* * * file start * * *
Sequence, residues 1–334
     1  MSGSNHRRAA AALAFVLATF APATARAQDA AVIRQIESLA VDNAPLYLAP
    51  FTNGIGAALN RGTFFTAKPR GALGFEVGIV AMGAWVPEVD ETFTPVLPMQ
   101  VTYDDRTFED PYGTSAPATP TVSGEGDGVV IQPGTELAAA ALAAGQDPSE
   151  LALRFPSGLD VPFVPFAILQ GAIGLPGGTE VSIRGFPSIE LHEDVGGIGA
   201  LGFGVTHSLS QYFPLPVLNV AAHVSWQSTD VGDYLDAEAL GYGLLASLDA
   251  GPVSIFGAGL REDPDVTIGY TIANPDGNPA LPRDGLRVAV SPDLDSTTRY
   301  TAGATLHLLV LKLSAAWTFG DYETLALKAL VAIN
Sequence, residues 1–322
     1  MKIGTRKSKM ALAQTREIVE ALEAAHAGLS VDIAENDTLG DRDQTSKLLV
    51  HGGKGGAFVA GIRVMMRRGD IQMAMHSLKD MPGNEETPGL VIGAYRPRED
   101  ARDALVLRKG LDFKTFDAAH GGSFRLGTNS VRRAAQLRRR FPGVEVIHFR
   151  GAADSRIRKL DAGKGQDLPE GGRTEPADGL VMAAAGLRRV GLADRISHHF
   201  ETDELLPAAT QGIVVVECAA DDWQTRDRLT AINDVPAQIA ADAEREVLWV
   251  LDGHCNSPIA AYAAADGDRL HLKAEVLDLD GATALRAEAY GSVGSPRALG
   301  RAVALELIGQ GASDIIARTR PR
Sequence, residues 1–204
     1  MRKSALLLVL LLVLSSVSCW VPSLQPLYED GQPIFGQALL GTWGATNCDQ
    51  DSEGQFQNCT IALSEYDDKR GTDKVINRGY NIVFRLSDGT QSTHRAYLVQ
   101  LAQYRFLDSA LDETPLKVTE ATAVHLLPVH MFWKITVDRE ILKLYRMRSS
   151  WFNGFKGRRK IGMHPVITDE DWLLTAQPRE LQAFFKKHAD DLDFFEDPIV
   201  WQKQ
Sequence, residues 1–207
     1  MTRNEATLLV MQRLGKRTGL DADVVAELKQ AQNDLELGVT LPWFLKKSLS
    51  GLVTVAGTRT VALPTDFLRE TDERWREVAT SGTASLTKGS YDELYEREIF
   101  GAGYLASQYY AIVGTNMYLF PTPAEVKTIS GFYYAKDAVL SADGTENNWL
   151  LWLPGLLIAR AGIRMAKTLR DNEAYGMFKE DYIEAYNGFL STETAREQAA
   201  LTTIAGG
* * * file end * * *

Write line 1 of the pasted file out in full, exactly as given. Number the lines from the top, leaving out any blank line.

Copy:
Sequence, residues 1–334